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July 31, 2006

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Comments

Mark Field

As the Task Force Report notes, constitutional nonenforcement has been occurring since at least the Grant Administration. Indeed, the practice began no later than the Buchanan Administration, if not earlier still—in 1801, President Jefferson ordered the cessation of prosecutions under the Sedition Act, a statute that he viewed as unconstitutional (a judgment that the Supreme Court would not confirm until 163 years later).

This issue came up on Prof. Balkin's blog a few weeks ago and I made a cursory comment that I didn't think Jefferson's dismissal of the Sedition Act case(s) -- were there others pending besides Duane? -- was a good example of non-enforcement. Let me elaborate on that issue here.

As is well-known, the Sedition Act expired by its own terms before Jefferson took office. "[I]t has been long settled, on general principles, that after the expiration or repeal of a law, no penalty can be enforced, nor punishment inflicted, for violations of the law committed while it was in force, unless some special provision be made for that purpose by statute." The General Pinckney, 9 U.S. 281, 3 L.Ed. 101 (1809).

As far as I know, there was no "special provision" in the Sedition Act or elsewhere in 1801 which would have saved the prosection(s). Thus, the dismissal was required in any event and was not an example of refusing to enforce a continuing statute.

Marty Lederman

Mark: Indeed, there was a special provision. The Act expired as TJ took office with respect to conduct undertaken after that day, but it continued to apply to sedition occurring during the Adams Administration. See section 4, 1 Stat. 597, providing that the Act would be "in force" until 03/03/01, but also that "expiration of the Act shall not prevent or defeat a prosecution and punishment of any offense against the law, during the time it shall be in force."

TJ put an end to the pending, still-operative prosecutions. As he put the point to Abigail Adams:
"I discharged every person under punishment or prosecution under the sedition law, because I considered, and now consider, that law to be a nullity, as absolute and as palpable as if Congress had ordered us to fall down and worship a golden image; and that it was as much my duty to arrest its execution in every stage, as it would have been to have rescued from the fiery furnace those who should have been cast into it for refusing to worship the image."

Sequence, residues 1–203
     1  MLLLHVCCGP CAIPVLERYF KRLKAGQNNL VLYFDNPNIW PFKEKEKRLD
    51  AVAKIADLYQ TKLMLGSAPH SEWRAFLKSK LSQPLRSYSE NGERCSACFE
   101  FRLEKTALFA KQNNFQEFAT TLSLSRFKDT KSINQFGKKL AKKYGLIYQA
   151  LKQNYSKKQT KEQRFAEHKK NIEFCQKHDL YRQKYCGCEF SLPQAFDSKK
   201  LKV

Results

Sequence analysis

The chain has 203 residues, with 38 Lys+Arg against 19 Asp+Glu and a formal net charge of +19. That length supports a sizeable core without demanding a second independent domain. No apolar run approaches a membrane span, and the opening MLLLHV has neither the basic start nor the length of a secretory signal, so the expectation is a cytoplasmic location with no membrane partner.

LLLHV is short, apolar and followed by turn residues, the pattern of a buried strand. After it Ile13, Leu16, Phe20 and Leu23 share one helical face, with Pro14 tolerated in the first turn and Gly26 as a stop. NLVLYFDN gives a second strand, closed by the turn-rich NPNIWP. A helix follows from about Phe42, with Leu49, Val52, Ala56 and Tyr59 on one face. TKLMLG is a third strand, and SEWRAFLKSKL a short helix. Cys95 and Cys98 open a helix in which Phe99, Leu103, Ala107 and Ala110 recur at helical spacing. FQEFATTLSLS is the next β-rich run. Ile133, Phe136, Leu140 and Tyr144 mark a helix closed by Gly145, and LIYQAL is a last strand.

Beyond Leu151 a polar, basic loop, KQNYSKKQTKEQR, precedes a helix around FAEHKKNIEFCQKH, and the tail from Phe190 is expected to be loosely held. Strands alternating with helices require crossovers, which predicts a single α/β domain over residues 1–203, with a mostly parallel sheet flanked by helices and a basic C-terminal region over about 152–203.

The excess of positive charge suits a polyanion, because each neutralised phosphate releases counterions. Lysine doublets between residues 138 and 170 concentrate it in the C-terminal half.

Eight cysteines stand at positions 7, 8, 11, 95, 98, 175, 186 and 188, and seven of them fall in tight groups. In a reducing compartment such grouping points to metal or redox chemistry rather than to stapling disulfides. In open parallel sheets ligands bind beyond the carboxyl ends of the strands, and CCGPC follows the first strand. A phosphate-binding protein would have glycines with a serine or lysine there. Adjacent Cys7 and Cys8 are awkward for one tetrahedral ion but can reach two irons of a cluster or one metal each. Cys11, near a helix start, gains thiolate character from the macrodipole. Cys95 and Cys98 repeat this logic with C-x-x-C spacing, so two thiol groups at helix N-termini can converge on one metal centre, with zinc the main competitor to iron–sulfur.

See also this, from a letter from TJ to Wilson Nicholas:

Certain it is, that the prosecution had been instituted, and had made considerable progress, without my knowledge, that they were disapproved by me as soon as known, and directed to be discontinued. The attorney did it on the same ground on which I had acted myself in the cases of Duane, Callendar, and others; to wit, that the sedition law was unconstitutional and null, and that my obligation to execute what was law, involved that of not suffering rights secured by valid laws, to be prostrated by what was no law.

And this, in a letter to Gideon Granger: “With respect to the dismission of the prosecutions for sedition in Connecticut, it is well known to have been a tenet of the republican portion of our fellow citizens, that the sedition law was contrary to the constitution and therefore void. On this ground I considered it as a nullity wherever I met it in the course of my duties; and on this ground I directed nolle prosequis in all the prosecutions which had been instituted under it, and as far as the public sentiment can be inferred from the occurrences of the day, we may say that this opinion had the sanction of the nation. The prosecutions, therefore, which were afterwards instituted in Connecticut, of which two were against printers, two against preachers, and one against a judge, were too inconsistent with this principle to be permitted to go on. We were bound to administer to others the same measure of law, not which they had meted to us, but we to ourselves, and to extend to all equally the protection of the same constitutional principles. These prosecutions, too, were chiefly for charges against myself, and I had from the beginning laid it down as a rule to notice nothing of the kind. I believed that the long course of services in which I had acted on the public stage, and under the eye of my fellow citizens, furnished better evidence to them of my character and principles, than the angry invectives of adverse partisans in whose eyes the very acts most approved by the majority were subjects of the greatest demerit and censure. These prosecutions against them, therefore, were to be dismissed as a matter of duty.”

Mark Field

I didn't know about the "savings" clause in the Sedition Act. Thanks.

Dilan Esper

See my long comment, containing a point-by-point persuasive refutation of every substantive argument in this post defending "signing statements", at its cross-posting at tpmcafe.com here: http://www.tpmcafe.com/blog/specialguests/2006/jul/31/untangling_the_debate_on_signing_statements#comment-149480

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